“My husband and I were heartbroken when the doctor told us about our daughter’s condition,” Magdaline Puyang shared. “We did not know what to do. It was so difficult for us.”

Magdaline and her husband Jee Fox Yao are from Miri. She left her job to care for Abril full-time while her husband works offshore in the oil and gas industry.

Following the doctor’s advice, they have been sending Abril for physiotherapy, occupational therapy and to a community-based rehabilitation (CBR) centre. These have produced positive developments.

“Abril’s limbs used to be very stiff but the spasticity has reduced after undergoing the therapies,” said Magdaline.

Being the main caregiver to Abril, Magdaline feels that it is important to have specialised respite care for disabled children which at the same time provides a temporary break for caregivers, if anything, to run errands and buy groceries.

“For example, not everyone knows how to look after Abril when it comes to feeding her with milk or food. She is three now and I have difficulty taking her out because she has grown.

“Sometimes when I am driving and she cries because of a spastic attack, I have to stop the car to help her relax.

“Parents always complain to me that when they need to go out, there is nobody to look after their children, especially single parents.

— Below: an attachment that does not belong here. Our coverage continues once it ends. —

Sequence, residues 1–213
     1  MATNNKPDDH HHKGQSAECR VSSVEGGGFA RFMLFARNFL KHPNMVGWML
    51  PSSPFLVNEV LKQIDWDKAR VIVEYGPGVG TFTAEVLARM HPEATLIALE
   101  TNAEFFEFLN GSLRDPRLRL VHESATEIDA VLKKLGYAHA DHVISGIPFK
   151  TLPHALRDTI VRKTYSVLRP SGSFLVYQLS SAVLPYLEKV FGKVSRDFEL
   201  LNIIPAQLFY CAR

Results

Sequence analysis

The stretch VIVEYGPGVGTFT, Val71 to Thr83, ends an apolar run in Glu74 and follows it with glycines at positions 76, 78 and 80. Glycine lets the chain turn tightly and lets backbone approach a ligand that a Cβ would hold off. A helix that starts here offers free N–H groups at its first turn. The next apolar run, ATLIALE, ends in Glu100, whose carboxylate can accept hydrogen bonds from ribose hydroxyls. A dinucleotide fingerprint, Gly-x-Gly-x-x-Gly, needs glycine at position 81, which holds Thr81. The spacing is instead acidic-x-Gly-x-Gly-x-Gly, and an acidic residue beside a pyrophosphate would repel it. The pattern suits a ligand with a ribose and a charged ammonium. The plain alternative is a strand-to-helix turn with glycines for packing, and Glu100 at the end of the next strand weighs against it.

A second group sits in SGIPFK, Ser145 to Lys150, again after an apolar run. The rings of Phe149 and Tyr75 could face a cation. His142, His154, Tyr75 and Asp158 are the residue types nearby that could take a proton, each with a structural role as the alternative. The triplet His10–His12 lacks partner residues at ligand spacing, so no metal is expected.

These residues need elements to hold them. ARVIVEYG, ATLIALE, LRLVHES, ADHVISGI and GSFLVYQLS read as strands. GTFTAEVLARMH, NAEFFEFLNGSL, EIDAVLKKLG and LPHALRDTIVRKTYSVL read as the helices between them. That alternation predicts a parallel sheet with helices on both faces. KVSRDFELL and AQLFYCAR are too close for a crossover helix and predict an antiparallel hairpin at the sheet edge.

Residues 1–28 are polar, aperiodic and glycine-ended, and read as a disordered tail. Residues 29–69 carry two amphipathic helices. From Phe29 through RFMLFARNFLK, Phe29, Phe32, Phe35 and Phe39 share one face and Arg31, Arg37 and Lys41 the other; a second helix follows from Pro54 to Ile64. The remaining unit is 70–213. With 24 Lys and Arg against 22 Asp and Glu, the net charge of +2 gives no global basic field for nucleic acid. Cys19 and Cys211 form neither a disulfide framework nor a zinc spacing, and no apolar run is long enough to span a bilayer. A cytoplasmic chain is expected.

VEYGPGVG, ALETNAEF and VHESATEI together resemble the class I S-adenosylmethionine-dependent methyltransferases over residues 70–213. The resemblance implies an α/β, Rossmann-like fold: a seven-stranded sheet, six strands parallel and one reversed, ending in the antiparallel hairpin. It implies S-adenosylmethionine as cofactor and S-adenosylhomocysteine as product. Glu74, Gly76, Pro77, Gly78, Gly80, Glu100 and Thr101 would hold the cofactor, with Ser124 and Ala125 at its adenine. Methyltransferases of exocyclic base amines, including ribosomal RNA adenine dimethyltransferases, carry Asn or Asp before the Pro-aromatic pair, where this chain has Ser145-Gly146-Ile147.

“We also need an administrative office cum activity centre for children with cerebral palsy that can also provide moral support and guidance to parents in managing their children.”

She and her husband are saving up for Abril’s future but they do not want to think too far ahead. The subject of their child’s welfare after they are no longer around is a matter that is difficult for them to deliberate on at the moment.

“No matter what, we will always love her,” Magdalene added.

While researching for more information on Abril’s condition on the Internet, Magdalene came across the Malaysian Advocates for Cerebral Palsy (MyCP), a parents and family support group with children who are similarly afflicted.

MyCP began on Facebook ( in 2012. The online group now has over 1,000 members comprising medical specialists, therapists, researchers and government officers.

It was officially registered with the Registrar of Societies in December 2012 and currently has 250 registered members. The association aims to provide support for persons with cerebral palsy and their families as well as promoting the exchange of information and advocating for their rights.

The association has been actively organising public awareness programmes and seminars to educate the public on cerebral palsy, and fundraising events to finance its activities.

“Sometimes, I become stressed when Abril is sick. The mothers from MyCP support me emotionally. I have learnt a lot about cerebral palsy since joining the group,” said Magdaline.